The Osborn family of Spanish Fork, Utah, has had a heartbreaking year, losing five baby girls in the course of just over 12 months. But in the wake of their own profound grief, Jason and Clarissa Osborn are determined to honor their daughters' lives by helping others.
At Clarissa's 20-week appointment during her pregnancy with their second child, the Osborns received the news no parent wants to hear. "We found out that our precious baby girl had a heart defect called truncus arteriosis and a possible chromosome deletion syndrome know as 22q11," Clarissa told TODAY Parents. "We were terrified for the road ahead."
Truncus arteriosis is a condition in which a person only has one large artery instead of two separate ones to carry blood to the lungs and body, according to the American Heart Association. This disrupts the ability of the body to deliver oxygen to the lungs.
Baby Shanna Okay Osborn was born four weeks early on April 17, 2016, after Clarissa was life-flighted to the University of Utah Hospital in Salt Lake City. When she was just one week old, Shanna underwent open heart surgery to correct the abnormalities of her heart. "Everything went as well as it could go for a tiny, 5-pound baby," said her mother.
The Osborns were able to bring Shanna home when she was one month old, though she still needed oxygen and a feeding tube. "Despite all her attachments, we were able to love on her and enjoy her sweet disposition," said Clarissa.
Unfortunately, when she was just three months old, the Osborns woke up to a cry from Shanna they had never heard before. "She was also very cold to the touch, and we knew we needed her to see a doctor as soon as possible," said Clarissa. But before they could leave the house, Shanna stopped breathing, and Jason had to start CPR on his daughter.
"I never thought I would ever have to call 911 and hand my baby off to paramedics in hopes that everything would be OK and that they would resuscitate her," said Clarissa. "Hours later, we left the hospital empty-handed. I was so afraid of going home to all her things, knowing she would not be there." Clarissa said it broke her heart to tell their little boy, Carter, now 4, that his little sister went to heaven.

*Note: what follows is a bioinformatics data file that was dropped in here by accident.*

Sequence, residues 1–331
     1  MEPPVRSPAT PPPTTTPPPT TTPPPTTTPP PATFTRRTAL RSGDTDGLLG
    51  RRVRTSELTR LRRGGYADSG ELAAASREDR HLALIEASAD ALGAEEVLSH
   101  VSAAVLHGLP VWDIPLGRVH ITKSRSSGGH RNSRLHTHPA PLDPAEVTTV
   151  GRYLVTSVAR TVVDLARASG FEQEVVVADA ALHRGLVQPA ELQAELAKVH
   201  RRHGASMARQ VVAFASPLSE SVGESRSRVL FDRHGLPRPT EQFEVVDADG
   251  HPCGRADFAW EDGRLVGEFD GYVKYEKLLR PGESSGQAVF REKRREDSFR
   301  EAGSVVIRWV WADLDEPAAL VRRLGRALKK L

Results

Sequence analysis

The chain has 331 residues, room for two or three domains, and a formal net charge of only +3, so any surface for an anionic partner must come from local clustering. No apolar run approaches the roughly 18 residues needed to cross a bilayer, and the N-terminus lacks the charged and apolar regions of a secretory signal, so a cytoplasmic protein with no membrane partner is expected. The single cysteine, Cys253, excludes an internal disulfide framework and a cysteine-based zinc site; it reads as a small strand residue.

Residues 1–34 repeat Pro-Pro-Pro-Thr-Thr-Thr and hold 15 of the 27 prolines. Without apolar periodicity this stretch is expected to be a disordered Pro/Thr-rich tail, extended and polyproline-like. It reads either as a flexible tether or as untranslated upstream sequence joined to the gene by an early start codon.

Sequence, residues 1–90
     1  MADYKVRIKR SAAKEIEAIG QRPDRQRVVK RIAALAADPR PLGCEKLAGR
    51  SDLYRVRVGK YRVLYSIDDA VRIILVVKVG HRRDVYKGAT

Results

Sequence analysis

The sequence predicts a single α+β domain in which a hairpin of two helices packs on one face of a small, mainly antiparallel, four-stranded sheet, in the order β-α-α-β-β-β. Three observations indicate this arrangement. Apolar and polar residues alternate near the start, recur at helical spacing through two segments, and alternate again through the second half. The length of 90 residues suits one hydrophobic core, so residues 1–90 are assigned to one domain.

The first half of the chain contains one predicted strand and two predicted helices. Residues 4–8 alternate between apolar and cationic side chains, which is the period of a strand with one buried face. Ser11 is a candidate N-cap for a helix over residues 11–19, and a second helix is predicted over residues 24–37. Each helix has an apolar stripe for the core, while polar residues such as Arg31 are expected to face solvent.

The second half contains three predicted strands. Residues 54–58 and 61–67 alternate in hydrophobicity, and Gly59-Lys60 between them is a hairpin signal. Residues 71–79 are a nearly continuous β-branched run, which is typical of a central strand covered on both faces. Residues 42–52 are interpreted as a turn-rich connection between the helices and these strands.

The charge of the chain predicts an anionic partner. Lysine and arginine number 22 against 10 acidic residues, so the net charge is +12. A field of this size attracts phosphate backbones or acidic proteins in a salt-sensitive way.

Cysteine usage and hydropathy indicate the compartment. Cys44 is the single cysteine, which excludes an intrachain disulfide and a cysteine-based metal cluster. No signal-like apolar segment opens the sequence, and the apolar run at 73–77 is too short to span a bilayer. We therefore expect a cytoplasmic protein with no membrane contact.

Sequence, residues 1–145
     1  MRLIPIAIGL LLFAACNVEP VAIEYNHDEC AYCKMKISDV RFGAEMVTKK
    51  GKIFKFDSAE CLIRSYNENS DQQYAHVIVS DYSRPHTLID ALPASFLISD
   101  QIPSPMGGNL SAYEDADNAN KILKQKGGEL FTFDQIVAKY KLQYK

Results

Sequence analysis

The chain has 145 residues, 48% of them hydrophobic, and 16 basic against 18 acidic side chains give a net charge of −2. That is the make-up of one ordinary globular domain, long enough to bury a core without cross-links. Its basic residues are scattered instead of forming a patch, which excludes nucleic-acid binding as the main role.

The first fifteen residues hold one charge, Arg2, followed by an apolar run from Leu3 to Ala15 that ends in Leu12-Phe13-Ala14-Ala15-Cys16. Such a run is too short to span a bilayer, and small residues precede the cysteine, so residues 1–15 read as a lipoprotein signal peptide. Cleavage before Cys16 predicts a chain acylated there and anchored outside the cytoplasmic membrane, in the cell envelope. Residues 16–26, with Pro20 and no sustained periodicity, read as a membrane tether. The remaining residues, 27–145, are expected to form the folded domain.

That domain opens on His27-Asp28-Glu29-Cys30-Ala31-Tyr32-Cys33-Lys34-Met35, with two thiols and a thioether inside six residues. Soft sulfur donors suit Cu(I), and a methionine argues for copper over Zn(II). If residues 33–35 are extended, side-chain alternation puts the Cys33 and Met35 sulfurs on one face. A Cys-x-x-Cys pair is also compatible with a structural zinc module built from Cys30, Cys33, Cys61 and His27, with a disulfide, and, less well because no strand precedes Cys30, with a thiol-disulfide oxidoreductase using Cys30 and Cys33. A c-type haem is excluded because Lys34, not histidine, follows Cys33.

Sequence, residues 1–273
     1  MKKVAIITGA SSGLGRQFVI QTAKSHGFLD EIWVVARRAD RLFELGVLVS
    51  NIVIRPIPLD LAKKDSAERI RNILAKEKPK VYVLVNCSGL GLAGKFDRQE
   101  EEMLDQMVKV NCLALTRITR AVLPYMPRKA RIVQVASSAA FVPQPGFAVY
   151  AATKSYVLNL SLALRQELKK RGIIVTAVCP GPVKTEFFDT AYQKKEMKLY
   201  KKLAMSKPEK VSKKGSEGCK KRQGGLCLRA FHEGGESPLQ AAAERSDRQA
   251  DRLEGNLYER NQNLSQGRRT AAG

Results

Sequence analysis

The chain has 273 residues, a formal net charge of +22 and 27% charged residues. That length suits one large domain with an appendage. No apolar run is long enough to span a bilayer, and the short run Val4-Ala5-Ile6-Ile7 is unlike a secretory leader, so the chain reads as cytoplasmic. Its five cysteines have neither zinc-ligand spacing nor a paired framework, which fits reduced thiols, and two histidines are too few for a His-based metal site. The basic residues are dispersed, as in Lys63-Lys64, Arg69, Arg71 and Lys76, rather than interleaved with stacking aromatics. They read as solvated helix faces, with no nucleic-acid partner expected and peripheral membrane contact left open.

Just months later, the Osborns were pregnant again — this time with quadruplet girls. "We were so excited, worried, and terrified all at the same time," said Clarissa. "We couldn't wait to meet them and have them with us in our home."
Though the pregnancy went well, and the family was optimistic, Clarissa went into labor early, and on June 11, 2017, babies Kylie, Savannah, Ellie, and Lexi were born at just 23 weeks by emergency C-section. "We met our baby girls weeks too soon," said Clarissa. "At 23 weeks, a baby is so underdeveloped."
Though the girls fought to survive, the Osborns had to say goodbye to each of them over the next three days due to the underdeveloped lungs and brain bleeds from their premature births. "We were devastated yet again," she said.
After Shanna passed away, the Osborns started the Shanna Kay Osborn Foundation to help students who have survived heart defects like Shanna's pay for college. "We always dreamed of Shanna growing up and attending college despite the obstacles and struggles she would have due to the chromosome deletion syndrome she had," said Clarissa.
"Because she would no longer have those obstacles and struggles, we thought it would be very rewarding to see others with her condition that would persevere and accomplish the difficult task of graduating high school and going on to higher education."
This year, two $500 scholarships were awarded through the foundation, and the Osborns hope to do the same next year.
During Clarissa's pregnancy, the Osborns had received four sets of baby and nursery items in a surprise baby shower from a television show, "Random Acts." After the quadruplets passed away, they donated the items to another organization that supports families coping with congenital heart disease, Intermountain Healing Hearts.
"From that, we were able to see the girls' things touch and help struggling families. So far at least five families will benefit from the donations," said Clarissa.
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Now, the Osborns are taking things day by day, she said. "Some days can be very difficult, while other days are bearable. We've really realized how much we have been blessed with. We have a little boy who lights up our lives, and although we always wanted a big family, he is what we have. He is our everything."
They could not get through their challenges without the support they have received from people all over the country, Clarissa said. "People who we have never met reached out to us through our Facebook page. Their messages and kind words have helped us understand that we are not alone and this makes us want to help more and more people."